I’d like to respond to this, but as I’m not sure if I actually know what you’re saying, I’m going to have to just scratch my head and ask you to clarify.

  5. Perchloric Acid says

    I’ve had wonderfully useful advice like that. “Dealing with depression? Why don’t you just cheer up?”

  6. RobRR says

    I have to say a word in defense of ‘drama-free': I agree with you in the sense that there is real and unavoidable drama that comes with life, and that people must be sensitive to those suffering from it. One problem that I feel you disregard is the self-inflicted drama many people create out of a desire for attention & sympathy. People like this who abuse the system make it difficult for everyone.

    I regards to genuine drama, you’re right; good advice (we can’t be reminded too much).

  7. says

    Those are good answers. Now I’m really glad I don’t have T1D. Not only because it would suck but because of advice-givers.

    But I feel it’s important to be open about medical problems, so others with similar issues won’t feel alone. We shouldn’t have to hide. And I want to believe in the good intentions of advice-givers, but it is difficult. Sometimes it feels like “you wouldn’t have this problem if you had it all together like I do”.

  8. tubi says

    I think I might have an idea that could help. Do you want advice?

    Hint-It has to do with getting a copy editor…

  9. Stevarious, Public Health Problem says

    I think I might have an idea that could help. Do you want advice?

    And then, if they say no, please, please, for the love of cheesecake and chocolate, please keep it to yourself.

    Oh I wish I had had this advice a decade ago. Could have saved a valuable friendship.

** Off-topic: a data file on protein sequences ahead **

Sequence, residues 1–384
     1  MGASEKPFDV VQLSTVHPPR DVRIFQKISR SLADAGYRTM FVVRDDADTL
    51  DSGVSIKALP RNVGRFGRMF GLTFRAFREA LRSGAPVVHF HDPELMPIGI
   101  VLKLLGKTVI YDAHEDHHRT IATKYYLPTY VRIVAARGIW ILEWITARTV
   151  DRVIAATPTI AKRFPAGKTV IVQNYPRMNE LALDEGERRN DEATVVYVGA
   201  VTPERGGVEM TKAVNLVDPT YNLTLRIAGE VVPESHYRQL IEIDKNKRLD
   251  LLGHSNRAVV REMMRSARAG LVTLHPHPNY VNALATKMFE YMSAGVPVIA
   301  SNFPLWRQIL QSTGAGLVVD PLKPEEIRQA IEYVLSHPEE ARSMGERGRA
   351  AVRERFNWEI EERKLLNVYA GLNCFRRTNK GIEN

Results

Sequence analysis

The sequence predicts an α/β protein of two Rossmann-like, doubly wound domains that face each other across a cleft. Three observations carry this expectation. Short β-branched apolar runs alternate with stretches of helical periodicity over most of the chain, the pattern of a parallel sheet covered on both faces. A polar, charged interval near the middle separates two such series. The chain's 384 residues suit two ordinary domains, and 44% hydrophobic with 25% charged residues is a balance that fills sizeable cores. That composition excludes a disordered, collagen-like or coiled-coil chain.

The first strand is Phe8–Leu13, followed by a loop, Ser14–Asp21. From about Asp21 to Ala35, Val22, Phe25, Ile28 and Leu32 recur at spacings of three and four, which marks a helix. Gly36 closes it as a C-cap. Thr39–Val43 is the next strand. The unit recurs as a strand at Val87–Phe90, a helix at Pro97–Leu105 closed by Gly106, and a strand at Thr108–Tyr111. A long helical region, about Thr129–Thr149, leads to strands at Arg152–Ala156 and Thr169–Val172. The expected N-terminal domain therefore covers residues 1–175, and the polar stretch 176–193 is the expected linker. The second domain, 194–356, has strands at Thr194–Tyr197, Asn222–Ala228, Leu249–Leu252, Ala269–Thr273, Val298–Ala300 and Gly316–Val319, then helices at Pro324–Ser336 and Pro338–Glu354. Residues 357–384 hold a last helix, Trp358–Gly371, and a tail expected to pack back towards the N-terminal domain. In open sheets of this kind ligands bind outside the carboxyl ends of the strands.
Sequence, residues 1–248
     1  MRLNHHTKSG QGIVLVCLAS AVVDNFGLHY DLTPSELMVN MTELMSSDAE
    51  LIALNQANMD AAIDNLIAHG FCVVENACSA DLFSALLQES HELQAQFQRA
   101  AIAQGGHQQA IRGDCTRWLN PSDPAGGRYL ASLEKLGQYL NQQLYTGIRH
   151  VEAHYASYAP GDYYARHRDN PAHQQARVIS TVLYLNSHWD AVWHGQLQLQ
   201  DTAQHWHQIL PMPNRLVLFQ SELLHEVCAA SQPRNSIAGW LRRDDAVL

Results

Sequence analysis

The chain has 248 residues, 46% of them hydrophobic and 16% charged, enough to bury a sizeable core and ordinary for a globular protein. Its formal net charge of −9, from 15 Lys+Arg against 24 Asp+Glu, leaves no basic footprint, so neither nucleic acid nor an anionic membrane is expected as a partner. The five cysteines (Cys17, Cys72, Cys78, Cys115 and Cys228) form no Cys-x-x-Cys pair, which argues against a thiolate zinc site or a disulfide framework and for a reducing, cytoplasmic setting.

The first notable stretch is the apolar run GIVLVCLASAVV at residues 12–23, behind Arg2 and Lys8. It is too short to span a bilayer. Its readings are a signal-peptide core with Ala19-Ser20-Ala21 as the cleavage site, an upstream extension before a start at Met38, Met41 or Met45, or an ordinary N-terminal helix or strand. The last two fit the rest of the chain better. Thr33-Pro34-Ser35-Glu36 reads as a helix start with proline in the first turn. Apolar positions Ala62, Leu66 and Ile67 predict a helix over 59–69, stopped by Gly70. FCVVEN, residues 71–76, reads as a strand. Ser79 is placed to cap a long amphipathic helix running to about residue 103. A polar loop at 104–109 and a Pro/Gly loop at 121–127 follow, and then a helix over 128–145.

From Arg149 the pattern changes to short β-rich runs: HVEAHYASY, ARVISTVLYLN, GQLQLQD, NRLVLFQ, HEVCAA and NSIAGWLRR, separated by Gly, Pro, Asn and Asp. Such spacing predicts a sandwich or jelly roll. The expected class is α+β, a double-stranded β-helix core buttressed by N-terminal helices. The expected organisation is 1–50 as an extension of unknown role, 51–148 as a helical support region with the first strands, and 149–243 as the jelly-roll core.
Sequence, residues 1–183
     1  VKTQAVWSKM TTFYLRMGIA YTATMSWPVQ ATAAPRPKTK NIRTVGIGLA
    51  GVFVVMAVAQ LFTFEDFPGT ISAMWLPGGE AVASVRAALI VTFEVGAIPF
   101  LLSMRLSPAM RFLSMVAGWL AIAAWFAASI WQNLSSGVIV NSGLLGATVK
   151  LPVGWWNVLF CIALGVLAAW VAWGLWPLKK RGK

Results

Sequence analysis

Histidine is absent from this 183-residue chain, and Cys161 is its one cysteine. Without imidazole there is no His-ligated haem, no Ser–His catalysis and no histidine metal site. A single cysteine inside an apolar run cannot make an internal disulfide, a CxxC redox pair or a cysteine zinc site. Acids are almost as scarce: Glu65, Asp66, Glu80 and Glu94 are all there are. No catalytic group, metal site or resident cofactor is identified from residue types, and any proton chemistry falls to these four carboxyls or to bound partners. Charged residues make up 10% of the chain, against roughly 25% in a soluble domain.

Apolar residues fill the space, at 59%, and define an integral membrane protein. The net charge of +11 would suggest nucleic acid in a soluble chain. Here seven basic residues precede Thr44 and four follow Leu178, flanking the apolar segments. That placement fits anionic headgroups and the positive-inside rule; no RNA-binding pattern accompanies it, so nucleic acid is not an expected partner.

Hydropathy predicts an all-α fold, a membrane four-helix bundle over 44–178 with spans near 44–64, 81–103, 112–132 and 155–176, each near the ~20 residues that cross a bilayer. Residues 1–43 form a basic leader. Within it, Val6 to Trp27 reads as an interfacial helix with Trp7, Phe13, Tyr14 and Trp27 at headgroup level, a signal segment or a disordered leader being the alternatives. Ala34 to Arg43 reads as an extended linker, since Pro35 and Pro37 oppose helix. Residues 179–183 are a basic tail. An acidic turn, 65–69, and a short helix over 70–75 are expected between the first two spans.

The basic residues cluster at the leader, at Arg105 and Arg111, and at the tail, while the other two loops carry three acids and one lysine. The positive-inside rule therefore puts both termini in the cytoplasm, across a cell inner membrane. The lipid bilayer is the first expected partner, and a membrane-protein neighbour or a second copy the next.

Alas, I had to learn the hard way.

  10. F [disappearing] says

    I think the real root problem here is some people hyperextending the definition of drama. Way overused.

    Your advice is valid whether one thinks such situations are drama or not.

  11. F [disappearing] says

    It’s even more fun getting such advice from someone who you might think would understand, like someone else who had suffered depression. What do you have to be depressed about?

  12. badandfierce says

    Fun story:

    I was, in fact, hit by a car once. I came out of it in surprisingly good shape. Worst result was a broken collarbone, which seems to me like a high score coming out of a squishy bipedal bag of meat vs. several tons of metal at high speed competition. So I was well enough to try and catch up with things a bit the next day.

    I was in undergrad at the time, and the college had apparently sent around an email announcing the accident, as per policy. There was also an unmoderated and unaffiliated message board for the school, where I found a long string of posts about how whoever that idiot was who got hit should have looked both ways and remembered that that crosswalk is dangerous and so on and so forth. It sounds unbelievably sociopathic and I’m sure you can blame it on the internet, but the hyperbolic illustration there actually happened.

    For the record, once I threw up a post to the effect of “hi, guys, yeah, I totally should have been careful, why didn’t I think of that,” the thread stopped.